My close friends and family know that I was raised and still am Catholic but hold a deep appreciation for Buddhism. You may or may not realize that I write about and try to uphold several Buddhist principles alongside Christianity. I wholeheartedly believe and respect the teachings of both sects and find that particular passages inspire me. It brings me a certain amount of comfort and safety.
The other day I came across a great Buddhist quote.
“Most of our troubles are due to our passionate desire for and attachment to things that we misapprehend as enduring entities.” ~Dalai Lama
After reading the quote, I immediately begin to wonder if I’m too attached to how things use to be. Honestly, I thought every physical faculty I’ve lost was an enduring entity. Then I realized that the quality of my life is being changed not only because of MS. My life is being changed because I allow MS to center my thoughts on my able-bodied past instead of what is happening in the present. Maybe that’s why I still cry over my declining physical aptitude. I began losing my abilities years ago but I am still obsessed with the idea of being able-bodied. I still want to do things on my own terms. It’s the dependency MS begets that I hate. It’s my sense of independence and control that I miss. I wish I could just move past this but I stumble every time.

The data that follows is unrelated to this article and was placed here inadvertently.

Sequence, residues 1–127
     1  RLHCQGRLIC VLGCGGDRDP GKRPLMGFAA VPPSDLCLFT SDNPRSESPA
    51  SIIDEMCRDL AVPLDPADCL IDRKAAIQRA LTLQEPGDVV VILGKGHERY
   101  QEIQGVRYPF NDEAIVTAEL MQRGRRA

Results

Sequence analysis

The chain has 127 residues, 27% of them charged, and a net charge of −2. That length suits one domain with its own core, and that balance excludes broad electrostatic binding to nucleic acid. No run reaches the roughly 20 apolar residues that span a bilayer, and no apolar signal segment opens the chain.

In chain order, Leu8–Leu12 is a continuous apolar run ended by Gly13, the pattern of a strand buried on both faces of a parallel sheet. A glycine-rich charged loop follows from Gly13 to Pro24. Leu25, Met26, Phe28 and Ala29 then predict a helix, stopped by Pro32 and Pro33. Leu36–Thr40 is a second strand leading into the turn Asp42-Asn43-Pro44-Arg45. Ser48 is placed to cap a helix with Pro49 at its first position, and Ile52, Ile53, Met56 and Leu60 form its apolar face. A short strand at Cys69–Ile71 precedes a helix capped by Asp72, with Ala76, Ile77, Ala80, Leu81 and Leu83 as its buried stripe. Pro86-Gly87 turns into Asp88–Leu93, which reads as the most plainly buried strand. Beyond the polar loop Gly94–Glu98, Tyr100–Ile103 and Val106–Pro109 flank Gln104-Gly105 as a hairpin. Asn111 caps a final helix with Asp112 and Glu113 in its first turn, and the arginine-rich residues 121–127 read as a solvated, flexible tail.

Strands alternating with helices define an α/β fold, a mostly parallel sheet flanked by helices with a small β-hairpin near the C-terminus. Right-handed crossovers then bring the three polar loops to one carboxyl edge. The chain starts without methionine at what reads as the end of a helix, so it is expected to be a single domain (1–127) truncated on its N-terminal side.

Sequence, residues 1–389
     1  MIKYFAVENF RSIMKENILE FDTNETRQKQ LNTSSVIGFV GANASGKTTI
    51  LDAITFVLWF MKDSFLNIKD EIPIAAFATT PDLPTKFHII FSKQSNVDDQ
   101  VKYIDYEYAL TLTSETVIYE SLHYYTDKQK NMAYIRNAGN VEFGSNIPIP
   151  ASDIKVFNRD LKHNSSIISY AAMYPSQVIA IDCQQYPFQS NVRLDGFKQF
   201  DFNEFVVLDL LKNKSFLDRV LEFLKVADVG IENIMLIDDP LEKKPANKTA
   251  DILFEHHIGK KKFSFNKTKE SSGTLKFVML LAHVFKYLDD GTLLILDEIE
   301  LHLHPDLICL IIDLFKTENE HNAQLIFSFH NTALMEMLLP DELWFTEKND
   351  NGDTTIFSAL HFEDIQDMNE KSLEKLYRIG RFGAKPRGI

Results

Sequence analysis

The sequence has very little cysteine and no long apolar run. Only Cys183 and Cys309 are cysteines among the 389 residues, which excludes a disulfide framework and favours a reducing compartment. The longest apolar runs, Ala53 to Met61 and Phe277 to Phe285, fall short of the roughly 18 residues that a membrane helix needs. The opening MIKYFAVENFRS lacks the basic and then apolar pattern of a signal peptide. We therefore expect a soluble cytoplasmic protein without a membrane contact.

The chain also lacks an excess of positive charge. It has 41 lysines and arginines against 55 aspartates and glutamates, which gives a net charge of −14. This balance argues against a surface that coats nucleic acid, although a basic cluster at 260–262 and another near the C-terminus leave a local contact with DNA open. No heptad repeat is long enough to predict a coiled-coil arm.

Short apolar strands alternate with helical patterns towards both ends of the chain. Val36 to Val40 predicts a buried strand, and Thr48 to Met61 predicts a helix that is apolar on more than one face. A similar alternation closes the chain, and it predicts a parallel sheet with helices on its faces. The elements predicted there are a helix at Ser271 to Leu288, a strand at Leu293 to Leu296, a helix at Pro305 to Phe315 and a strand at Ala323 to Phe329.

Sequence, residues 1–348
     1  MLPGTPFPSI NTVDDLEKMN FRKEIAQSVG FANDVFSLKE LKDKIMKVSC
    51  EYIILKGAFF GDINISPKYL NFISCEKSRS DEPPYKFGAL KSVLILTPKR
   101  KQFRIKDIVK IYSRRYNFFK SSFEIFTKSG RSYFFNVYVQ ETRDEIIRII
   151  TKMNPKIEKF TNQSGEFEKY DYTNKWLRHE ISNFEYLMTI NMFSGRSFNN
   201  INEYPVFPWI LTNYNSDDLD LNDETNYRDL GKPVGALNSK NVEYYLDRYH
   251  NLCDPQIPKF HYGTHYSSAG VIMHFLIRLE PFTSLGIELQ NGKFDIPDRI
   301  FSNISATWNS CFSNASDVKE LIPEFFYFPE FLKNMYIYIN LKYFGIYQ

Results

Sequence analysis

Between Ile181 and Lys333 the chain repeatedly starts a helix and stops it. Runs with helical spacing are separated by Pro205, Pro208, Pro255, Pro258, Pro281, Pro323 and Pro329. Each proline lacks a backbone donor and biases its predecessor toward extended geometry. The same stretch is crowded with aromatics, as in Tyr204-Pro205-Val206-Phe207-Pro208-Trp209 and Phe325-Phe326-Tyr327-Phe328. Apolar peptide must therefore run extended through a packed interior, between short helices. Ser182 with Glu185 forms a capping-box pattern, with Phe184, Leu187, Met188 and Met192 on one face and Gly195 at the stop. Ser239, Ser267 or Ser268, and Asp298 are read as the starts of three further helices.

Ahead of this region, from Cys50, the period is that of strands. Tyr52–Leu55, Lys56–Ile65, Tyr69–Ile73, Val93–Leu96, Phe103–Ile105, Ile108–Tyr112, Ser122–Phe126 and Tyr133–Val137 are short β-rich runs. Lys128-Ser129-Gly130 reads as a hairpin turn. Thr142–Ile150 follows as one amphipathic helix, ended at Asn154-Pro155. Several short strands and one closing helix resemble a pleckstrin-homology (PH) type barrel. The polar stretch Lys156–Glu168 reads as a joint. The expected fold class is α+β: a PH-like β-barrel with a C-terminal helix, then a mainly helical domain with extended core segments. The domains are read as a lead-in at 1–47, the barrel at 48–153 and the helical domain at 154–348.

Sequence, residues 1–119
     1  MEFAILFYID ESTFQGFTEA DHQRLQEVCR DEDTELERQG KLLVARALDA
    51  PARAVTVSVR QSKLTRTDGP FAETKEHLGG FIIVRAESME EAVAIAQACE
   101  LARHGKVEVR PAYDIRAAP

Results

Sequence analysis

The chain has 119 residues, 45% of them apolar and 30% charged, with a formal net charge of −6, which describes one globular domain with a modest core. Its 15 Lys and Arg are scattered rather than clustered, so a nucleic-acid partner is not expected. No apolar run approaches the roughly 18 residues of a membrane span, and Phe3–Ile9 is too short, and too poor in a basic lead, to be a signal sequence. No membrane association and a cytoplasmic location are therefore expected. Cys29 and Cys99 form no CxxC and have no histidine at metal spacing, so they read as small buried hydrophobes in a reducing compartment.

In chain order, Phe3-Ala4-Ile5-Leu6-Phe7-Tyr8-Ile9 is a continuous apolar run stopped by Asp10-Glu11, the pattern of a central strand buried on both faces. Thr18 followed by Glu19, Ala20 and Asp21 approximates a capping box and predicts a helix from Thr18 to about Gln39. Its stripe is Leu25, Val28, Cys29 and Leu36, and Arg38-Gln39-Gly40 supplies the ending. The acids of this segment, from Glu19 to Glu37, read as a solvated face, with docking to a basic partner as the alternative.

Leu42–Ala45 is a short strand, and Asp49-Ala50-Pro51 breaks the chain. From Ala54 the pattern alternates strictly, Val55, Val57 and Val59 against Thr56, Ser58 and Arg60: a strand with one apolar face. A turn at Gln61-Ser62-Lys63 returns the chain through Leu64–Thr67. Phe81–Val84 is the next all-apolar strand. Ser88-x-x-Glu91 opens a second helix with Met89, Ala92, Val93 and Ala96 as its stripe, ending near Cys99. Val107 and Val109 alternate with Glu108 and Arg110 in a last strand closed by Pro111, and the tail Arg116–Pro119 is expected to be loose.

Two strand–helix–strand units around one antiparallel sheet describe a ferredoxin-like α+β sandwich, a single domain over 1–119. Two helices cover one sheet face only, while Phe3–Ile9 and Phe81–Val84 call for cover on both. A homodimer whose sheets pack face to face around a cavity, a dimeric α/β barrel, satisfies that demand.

Has my life truly been so bad because of the things MS has taken from me?
The obvious answer is no, but boy do I miss being “normal”. I think I should concentrate on the present moment as it is. Perhaps that may be the first step in defeating MS in this battle for control of my life.
“It’s human nature to wonder if we’d be happier with more. Perhaps the key is to work with that instinct and realize we can have joyful experiences if we’re willing to cling to less.” ~Lori Deschene